Last weekend the Last Night of the Proms was held at Royal Albert Hall, the culmination of the summer music season’s 117th year.
The origins of the Proms go back to 10th August, 1895, when Robert Newman, manager of the concert venue Queen’s Hall in Langham Place, London, decided to offer a popular program of music in a less formal “promenade arrangement” which would be accessible to the masses and would ultimately lead them to a greater appreciation of classical music.
He offered conductor Henry Wood the opportunity to conduct the first Proms season, known as ‘Mr Robert Newman’s Promenade Concerts’. Early on, Wood and Newman established the tradition of having a Wagner Night on Mondays and a Beethoven Night on Fridays and Wood used the platform of the Proms to promote up-and-coming performers.
In 1927 the BBC took over the management of the Proms, now formally known as the BBC Proms, and has continued in that role ever since bar an interruption during World War II. It was during World War II, incidentally, that the event moved to the magnificent Royal Albert Hall in South Kensington (the magnificent interior of which can be seen above), after Queen’s Hall was gutted following a bombing raid on 10th May, 1941.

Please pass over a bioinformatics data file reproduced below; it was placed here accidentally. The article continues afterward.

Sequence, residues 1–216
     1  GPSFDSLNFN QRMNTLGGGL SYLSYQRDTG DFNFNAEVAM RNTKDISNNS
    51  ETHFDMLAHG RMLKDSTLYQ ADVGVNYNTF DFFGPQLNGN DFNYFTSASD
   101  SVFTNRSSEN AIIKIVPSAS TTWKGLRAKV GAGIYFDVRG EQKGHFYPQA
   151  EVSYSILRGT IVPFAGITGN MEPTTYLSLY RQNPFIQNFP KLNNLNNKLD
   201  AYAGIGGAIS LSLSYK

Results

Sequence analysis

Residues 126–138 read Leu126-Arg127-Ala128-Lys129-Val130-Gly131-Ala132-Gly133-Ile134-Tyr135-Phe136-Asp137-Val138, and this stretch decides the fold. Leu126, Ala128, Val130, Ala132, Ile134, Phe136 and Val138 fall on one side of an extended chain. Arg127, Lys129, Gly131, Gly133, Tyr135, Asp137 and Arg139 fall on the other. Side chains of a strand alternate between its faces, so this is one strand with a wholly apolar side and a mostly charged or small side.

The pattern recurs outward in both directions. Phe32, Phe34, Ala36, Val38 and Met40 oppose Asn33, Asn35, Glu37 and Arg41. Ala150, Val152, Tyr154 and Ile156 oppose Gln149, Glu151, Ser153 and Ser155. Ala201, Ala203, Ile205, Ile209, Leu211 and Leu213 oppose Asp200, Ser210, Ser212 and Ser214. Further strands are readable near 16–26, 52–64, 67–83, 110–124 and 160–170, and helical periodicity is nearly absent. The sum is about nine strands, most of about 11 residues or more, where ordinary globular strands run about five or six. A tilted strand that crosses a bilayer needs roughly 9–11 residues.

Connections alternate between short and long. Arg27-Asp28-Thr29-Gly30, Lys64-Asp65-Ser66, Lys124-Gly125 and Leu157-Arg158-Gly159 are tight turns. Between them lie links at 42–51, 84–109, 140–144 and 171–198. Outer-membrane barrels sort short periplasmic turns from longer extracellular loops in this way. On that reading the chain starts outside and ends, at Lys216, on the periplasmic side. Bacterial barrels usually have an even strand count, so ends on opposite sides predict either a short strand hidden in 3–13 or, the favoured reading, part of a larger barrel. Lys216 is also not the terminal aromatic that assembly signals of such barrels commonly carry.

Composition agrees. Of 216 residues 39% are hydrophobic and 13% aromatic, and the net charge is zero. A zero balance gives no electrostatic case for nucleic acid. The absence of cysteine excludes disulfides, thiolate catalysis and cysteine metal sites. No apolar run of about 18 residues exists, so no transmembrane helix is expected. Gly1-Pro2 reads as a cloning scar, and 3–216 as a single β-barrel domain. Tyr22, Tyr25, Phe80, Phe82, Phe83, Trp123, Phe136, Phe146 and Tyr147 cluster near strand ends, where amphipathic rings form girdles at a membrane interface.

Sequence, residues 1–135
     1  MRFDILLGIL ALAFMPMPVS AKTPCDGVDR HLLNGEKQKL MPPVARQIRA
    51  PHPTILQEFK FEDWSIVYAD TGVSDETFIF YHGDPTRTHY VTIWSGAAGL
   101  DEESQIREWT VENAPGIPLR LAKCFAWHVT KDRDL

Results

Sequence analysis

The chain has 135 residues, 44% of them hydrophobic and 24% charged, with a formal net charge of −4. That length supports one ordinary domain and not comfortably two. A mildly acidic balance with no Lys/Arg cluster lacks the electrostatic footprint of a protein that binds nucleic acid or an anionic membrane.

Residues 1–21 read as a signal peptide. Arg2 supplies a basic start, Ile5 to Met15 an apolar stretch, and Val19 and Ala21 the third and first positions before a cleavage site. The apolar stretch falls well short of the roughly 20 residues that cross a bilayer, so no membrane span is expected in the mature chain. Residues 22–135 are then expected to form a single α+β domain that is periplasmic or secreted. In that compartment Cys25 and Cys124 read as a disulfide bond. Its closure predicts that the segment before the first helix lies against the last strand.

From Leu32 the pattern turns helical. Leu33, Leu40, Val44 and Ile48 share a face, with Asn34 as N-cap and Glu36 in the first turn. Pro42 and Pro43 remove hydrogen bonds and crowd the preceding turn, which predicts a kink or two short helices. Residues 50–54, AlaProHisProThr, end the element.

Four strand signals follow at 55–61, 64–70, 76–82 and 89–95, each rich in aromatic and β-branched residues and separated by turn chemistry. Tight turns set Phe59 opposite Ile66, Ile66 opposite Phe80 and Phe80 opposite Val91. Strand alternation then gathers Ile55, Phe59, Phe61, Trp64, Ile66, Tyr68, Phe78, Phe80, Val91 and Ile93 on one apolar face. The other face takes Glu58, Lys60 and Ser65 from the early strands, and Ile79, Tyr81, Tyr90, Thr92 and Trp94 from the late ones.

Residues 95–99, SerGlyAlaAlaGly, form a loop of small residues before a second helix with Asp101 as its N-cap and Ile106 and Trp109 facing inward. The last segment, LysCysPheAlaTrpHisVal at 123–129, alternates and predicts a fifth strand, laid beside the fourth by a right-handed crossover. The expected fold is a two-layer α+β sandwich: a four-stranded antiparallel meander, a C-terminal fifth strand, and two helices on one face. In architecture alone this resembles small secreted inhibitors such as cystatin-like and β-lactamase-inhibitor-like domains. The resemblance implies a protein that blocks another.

The eight-week Proms program has since continued to widen with the introduction of complete opera performances in the 1960s, concerts by foreign ensembles and other music styles including jazz, Gospel and that specifically targeted at children.
Now including more than 70 main concerts, the music festival – for which standing tickets can still be bought continuing the tradition of ‘promenading’ – also continues to also be a showcase for new works. For more on the Proms, see www.bbc.co.uk/proms, and for more on the venue, see www.royalalberthall.com.
PICTURE: Courtesy of BBC, Chris Christodoulou